The next day my husband and I borrowed a trap from a neighbor, and, armed with wet cat food and a lot of patience, we set up camp that night in the alley and in just 20 minutes had trapped ourselves a teeny kitten. We named him Ezra, who became Ezzie, as in 107 Ezzies.
The following night we caught a two-for-one and brought home Apple and her super feral kitten Turtle. Apple was still a kitten herself, and Turtle was almost twice as big as Ezzie, so we concluded that little Apple must have had multiple litters. We went back a few more times and carefully scanned the entire area for more kittens until we were sure we hadn’t left anyone behind.
Much to my husband’s relief, it seemed we had gotten them all, and Operation: God Save the Queen (and Her Litter) was declared a success. We fist pumped, chest bumped and treated ourselves to some Starbucks chai lattes.
This was about a year and a half ago. The two vacancies were filled by three cats, the third of which I referred to as the spare cat: two plus a backup, just in case. It made it easier on my husband. Our cat population was now three blacks and three oranges — and this is how orange became the new black.
And then I stupidly but not regrettably browsed the free section on Craigslist one quiet night, when all the animals were settled and sleeping and looking like lovely little fur angels, and now we have five black cats and eight in total, and really that’s all I wanted to share in this essay.
Next week’s essay is already in the works: How my cat is teaching me piano. I know. It sounds like Granny Moose has taken over my website.
Don’t worry, there’s balance to my writing. I just sent a political Top 10 list to McSweeney’s, my first ever pitch to them, and it’s very potty mouth. It even has an F bomb, and I never, ever drop F bombs.
It won’t get published. So, you’re going to have to put up with more Granny Moose cat talk.
JUST TWO MORE notes before I let you go for the week.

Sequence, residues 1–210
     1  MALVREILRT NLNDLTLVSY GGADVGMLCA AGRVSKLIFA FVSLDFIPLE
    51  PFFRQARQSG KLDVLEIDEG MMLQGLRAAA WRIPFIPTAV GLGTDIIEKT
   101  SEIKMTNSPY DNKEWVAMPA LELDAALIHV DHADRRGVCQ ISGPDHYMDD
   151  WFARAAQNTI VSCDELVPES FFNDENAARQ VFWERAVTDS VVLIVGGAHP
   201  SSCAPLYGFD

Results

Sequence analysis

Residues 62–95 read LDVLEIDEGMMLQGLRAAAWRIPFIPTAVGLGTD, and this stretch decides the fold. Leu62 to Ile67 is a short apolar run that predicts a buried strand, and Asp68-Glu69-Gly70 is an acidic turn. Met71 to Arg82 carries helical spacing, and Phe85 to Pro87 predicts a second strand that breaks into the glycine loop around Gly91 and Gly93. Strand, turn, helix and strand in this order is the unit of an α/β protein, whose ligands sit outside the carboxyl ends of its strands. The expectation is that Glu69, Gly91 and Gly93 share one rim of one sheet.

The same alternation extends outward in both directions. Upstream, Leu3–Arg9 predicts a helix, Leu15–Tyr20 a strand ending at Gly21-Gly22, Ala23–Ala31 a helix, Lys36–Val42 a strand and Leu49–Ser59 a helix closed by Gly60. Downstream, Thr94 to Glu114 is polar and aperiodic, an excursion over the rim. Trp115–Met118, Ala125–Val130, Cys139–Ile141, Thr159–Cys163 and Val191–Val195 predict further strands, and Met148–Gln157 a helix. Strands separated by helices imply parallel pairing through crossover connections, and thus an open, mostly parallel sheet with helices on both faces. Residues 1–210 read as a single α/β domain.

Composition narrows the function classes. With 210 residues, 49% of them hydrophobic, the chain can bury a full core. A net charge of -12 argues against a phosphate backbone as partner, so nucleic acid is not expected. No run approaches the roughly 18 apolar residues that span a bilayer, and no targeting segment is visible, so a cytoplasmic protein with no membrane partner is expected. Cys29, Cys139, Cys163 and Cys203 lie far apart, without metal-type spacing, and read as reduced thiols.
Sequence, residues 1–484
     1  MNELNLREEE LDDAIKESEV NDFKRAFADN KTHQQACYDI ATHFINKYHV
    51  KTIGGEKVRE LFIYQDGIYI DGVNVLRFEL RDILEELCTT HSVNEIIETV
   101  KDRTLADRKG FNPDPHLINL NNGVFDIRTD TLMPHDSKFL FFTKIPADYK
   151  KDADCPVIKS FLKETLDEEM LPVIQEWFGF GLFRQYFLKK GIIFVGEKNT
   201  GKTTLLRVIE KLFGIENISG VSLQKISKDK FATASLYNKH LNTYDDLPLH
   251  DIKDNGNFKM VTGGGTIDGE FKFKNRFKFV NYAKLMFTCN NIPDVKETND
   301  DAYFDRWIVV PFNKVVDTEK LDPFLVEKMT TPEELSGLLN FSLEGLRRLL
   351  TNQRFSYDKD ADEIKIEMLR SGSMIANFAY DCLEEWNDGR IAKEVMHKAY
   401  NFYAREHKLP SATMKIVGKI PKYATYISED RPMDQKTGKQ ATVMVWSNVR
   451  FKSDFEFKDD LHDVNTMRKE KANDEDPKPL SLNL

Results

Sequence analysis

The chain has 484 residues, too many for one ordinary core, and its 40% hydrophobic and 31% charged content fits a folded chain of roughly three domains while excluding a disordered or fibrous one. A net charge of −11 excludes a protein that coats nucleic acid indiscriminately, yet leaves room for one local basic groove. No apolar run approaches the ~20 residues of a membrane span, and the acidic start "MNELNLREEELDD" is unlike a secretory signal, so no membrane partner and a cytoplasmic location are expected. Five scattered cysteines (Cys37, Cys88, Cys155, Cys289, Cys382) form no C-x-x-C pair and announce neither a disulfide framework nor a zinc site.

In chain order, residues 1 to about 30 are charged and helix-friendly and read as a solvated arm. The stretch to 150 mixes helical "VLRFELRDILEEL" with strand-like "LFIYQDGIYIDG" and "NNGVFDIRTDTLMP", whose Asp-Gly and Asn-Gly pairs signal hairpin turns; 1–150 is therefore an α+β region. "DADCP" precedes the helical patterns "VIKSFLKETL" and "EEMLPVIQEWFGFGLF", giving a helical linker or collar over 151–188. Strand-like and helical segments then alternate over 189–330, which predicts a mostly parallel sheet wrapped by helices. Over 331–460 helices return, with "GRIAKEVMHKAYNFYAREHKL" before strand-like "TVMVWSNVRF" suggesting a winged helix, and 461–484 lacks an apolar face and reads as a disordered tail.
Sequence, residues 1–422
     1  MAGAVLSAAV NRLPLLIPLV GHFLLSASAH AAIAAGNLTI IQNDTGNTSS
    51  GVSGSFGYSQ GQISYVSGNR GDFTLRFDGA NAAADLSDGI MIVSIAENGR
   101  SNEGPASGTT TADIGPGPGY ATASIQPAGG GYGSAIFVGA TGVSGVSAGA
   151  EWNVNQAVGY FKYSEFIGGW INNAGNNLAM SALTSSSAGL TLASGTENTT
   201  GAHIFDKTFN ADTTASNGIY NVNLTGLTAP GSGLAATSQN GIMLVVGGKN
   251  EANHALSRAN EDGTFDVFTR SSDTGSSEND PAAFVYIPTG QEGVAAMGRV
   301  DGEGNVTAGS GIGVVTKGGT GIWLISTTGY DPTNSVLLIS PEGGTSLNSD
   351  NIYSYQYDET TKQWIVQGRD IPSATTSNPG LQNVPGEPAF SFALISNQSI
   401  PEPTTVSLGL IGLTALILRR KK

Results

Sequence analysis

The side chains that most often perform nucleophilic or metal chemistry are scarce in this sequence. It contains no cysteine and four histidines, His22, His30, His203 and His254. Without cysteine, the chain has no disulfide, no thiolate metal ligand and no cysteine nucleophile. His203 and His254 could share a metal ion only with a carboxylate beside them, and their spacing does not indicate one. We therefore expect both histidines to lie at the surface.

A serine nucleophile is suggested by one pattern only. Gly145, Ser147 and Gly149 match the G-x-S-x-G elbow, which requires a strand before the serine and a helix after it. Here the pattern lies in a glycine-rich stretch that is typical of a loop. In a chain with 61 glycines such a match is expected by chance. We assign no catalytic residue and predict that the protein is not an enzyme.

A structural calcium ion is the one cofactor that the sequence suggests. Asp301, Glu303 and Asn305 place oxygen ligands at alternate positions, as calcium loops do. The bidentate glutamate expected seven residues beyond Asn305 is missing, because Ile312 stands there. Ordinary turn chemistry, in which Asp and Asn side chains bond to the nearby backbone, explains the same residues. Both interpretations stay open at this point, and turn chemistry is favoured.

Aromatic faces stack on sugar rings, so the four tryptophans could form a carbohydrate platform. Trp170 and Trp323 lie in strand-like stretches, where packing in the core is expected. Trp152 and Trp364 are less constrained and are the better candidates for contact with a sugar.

Some of you may have seen my unedited essay from last week that has since been given a whole new life. Not the bookworm section; I’m talking about the opener.
It’s called backtracking on the overshare and replacing it with something less personal. I often publish essays on my website, knowing they’re not up to par just yet, for the sake of airing out some thoughts — and then tidy them up in a rewrite.
So, there’s that.
And what follows is me trying to warn my mother about my kitten news.
She’s really, REALLY bothered that I have all of these animals. When I asked earlier this year what she thought about us getting some chickens, she said, “Chickens are animals, too!”
Well, I did my best to prepare mom for this essay, by way of a flurry of emails this morning, and here’s how that went.
Oh, and about the pig (from below).
At 6 am yesterday morning, the dogs went into a barking frenzy, and there on our deck was the neighbor’s pig. My husband took a photo and sent it to everyone we know.
I tried leading the pig back home, but her snout suddenly folded back and I saw her teeth and ran. Did you know pig teeth are nearly identical to human teeth?
Man, was that weird.
Mom: I wanted to put this pig on my Facebook page but didn’t see how to do it.
Me: You need to download the pig to your laptop first. Then you can upload piggy to Facebook. By the way, you’re not going to like my new essay that I’m posting soon. You’ll know why when you read it.
Mom: OK got it. Oh dear, what won’t I like about your essay?
Mom: Oink is now on my FB.
Me: Your short story is so darn good, mother. It’s going to be published in a book this fall? It’s really, really good!! P.S. Meow!!!!!!
Mom: I forgot I sent you my short story. The police volunteers had a BBQ yesterday. I know the 4th is your favorite celebration day, so hope you have fun and eat picnic food.
Me: Well, you can’t blame me for trying.
And on that slippery slope of a note that flew right over my mama’s head, I’ll be seeing you next week, folks!